Acinetobacter baumannii is an opportunistic pathogen typically associated with hospital-acquired infections. Our understanding of the metabolism and physiology of A. baumannii is limited. Here, we report that A. baumannii uses ethanolamine (EA) as the sole source of nitrogen and can use this aminoalcohol as a source of carbon and energy if the expression of the eutBC genes encoding ethanolamine ammonia-lyase (EAL) is increased. A strain with an ISAba1 element upstream of the eutBC genes efficiently used EA as a carbon and energy source. The A. baumannii EAL (AbEAL) enzyme supported the growth of a strain of Salmonella lacking the entire eut operon. Remarkably, the growth of the above-mentioned Salmonella strain did not require the metabolosome, the reactivase EutA enzyme, the EutE acetaldehyde dehydrogenase, or the addition of glutathione to the medium. Transmission electron micrographs showed that when Acinetobacter baumannii or Salmonella enterica subsp. enterica serovar Typhimurium strain LT2 synthesized AbEAL, the protein localized to the cell membrane. We also report that the A. baumannii genome encodes all of the enzymes needed for the assembly of the nucleotide loop of cobamides and that it uses these enzymes to synthesize different cobamides from the precursor cobinamide and several nucleobases. In the absence of exogenous nucleobases, the most abundant cobamide produced by A. baumannii was cobalamin. IMPORTANCE Acinetobacter baumannii is a Gram-negative bacterium commonly found in soil and water. A. baumannii is an opportunistic human pathogen, considered by the CDC to be a serious threat to human health due to the multidrug resistance commonly associated with this bacterium. Knowledge of the metabolic capabilities of A. baumannii is limited. The importance of the work reported here lies in the identification of ethanolamine catabolism occurring in the absence of a metabolosome structure. In other bacteria, this structure protects the cell against damage by acetaldehyde generated by the deamination of ethanolamine. In addition, the ethanolamine ammonia-lyase (EAL) enzyme of this bacterium is unique in that it does not require a reactivase enzyme to remain active. Importantly, we also demonstrate that the A. baumannii genome encodes the functions needed to assemble adenosylcobamide, the coenzyme of EAL, from the precursor cobinamide.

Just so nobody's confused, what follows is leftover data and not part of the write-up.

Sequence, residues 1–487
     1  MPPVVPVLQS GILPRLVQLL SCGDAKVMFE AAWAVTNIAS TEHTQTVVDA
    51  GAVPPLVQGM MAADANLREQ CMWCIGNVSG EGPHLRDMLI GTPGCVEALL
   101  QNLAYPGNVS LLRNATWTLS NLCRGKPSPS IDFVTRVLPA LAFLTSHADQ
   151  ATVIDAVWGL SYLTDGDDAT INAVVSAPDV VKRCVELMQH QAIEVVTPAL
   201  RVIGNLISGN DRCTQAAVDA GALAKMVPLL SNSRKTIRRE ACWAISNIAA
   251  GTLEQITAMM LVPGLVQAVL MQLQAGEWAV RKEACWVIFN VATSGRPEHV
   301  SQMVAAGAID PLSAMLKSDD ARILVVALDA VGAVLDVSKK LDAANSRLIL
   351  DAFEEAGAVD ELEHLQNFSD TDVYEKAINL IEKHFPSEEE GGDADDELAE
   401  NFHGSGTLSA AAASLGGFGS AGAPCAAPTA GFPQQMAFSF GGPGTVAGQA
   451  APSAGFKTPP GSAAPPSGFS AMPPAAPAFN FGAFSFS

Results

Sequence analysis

Keywords: Acinetobacter baumannii; B12 biosynthesis; bacterial microcompartments; cobamide; cobinamide salvaging; ethanolamine ammonia-lyase; ethanolamine ammonia-lyase reactivation; ethanolamine catabolism; metabolosome; metabolosomes; nucleotide loop assembly.